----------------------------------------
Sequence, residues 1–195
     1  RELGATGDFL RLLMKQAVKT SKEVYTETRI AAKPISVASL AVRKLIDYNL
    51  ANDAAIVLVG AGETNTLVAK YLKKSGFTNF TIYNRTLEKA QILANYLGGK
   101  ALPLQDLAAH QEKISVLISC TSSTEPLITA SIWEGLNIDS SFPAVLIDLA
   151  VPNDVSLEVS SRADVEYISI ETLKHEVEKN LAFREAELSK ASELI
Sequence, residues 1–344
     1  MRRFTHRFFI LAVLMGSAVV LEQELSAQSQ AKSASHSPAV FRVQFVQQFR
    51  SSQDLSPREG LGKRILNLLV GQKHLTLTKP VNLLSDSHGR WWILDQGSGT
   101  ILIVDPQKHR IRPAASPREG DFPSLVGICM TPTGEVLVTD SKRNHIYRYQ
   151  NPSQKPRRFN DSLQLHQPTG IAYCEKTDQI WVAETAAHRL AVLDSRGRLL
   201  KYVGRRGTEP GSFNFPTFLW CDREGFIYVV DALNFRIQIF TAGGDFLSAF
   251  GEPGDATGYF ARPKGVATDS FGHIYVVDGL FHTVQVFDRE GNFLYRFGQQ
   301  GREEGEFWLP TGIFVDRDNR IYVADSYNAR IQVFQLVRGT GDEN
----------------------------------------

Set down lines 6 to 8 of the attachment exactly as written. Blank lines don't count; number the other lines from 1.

Sequence, residues 1–344
     1  MRRFTHRFFI LAVLMGSAVV LEQELSAQSQ AKSASHSPAV FRVQFVQQFR
    51  SSQDLSPREG LGKRILNLLV GQKHLTLTKP VNLLSDSHGR WWILDQGSGT